Artificial intelligence is everywhere. It is in your phone. It is in almost every app in your phone. It powers the software in your computer and tablet. These intelligent algorithms even recommend the next TV show or movies you should watch on Netflix. It is therefore not surprising that the Government of India is looking to regulate artificial intelligence (AI), with a clear set of guidelines for how the AI technology is developed and implemented. This has been confirmed by Suresh Prabhu, Minister of Commerce & Industry and Civil Aviation in the Government of India.
“Ideas and #Technologies have a broader impact in today's society and it must be governed and guided by ethics for a better tomorrow, Prabhu said in a tweet, announcing the Narendra Modi government’s stance on the emerging artificial intelligence based technologies and the need for regulation. This comes at a time when there is already a debate on data privacy and data security in the online space, particularly with regards to how social networks such as Facebook and Twitter safeguard user data. This also follows the announcement by standing Finance Minister Piyush Goyal in the Budget 2019 announced earlier this month, that the government of India was considering a national centre for artificial intelligence, and will also be unveiling a national AI portal soon.
It is perhaps the increasing reliance on the use of machines, machine learning and the use of smart algorithms to power artificially intelligence systems, which makes it prudent for regulation. The fear that has always existed with AI and the algorithms that power it is how it comes to making a certain decision based on the data that is available to it at that point of time, and how to ensure that it makes the correct decision every time. This is where the question of the ethics of AI comes into the picture, which the government expects to tackle with some amount of regulation.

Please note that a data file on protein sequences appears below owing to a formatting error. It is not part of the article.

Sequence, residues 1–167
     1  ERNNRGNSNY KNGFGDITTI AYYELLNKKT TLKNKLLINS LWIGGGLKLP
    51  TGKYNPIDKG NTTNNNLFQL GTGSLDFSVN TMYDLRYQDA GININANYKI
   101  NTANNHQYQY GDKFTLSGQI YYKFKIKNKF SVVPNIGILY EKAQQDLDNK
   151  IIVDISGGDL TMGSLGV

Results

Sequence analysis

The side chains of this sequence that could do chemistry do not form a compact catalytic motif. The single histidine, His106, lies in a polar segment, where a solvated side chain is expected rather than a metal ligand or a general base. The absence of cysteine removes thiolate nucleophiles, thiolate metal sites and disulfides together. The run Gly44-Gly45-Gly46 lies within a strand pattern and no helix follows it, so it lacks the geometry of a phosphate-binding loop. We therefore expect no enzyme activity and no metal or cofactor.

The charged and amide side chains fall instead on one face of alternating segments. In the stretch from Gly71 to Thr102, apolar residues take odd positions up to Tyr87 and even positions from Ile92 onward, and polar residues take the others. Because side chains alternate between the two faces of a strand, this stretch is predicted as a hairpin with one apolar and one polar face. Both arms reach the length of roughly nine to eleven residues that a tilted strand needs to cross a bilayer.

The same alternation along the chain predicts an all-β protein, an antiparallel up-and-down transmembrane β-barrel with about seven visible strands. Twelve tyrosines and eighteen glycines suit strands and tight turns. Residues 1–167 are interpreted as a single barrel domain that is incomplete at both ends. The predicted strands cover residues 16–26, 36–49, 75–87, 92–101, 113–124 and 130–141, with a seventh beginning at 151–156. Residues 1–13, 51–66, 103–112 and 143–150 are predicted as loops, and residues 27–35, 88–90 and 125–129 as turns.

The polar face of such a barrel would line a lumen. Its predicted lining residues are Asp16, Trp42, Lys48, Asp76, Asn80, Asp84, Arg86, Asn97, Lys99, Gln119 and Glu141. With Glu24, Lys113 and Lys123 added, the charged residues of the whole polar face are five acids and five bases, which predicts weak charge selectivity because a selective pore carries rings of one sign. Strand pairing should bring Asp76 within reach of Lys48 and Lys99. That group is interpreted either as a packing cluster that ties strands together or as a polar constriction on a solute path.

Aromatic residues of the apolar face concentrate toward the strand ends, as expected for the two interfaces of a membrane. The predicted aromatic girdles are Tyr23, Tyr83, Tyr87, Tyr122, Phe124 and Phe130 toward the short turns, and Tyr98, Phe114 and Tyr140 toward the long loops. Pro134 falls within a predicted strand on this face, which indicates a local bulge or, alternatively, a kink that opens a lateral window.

Then there is the whole question of who owns the data about the users, and how that data is used to further power AI based apps, services and platforms. As things stand, a larger chunk of the data that is collected by AI, and further used to improve AI, is still controlled by certain companies. The government wants to put in place some mechanisms and policies about how these algorithms are written and how the data is collected in the entire process is used, safeguarded and perhaps even further tracked.
India will be following the lead of countries such as Canada, Singapore, France, China and the UK, to name a few, to formulate and eventually implement policies and regulations that control the use of AI.
For instance, in the 2018–2019 budget, the government of Australia announced a four-year plan and set aside AU$29.9 million to support the development of AI in Australia. At the same time, they will create a Technology Roadmap, a Standards Framework, and a national AI Ethics Framework to support the responsible development of AI.
In July 2017, China had unveiled what is called ‘A Next Generation Artificial Intelligence Development Plan’, which sets a roadmap for as far as the year 2030 with regards to development of AI in China and also the regulations and ethics to promote development of AI.
In April 2018, the European Union outlined the Communication on Artificial Intelligence document which among other issues, outlines the need to have an ethical and legal framework is in place—and will prepare the draft guidelines which member countries would most likely adopt as is, or with certain localized changes.
It is not entirely clear at the moment as to when India’s first draft for the AI policy will be ready, or what all will fall within the purview of the guidelines and regulations.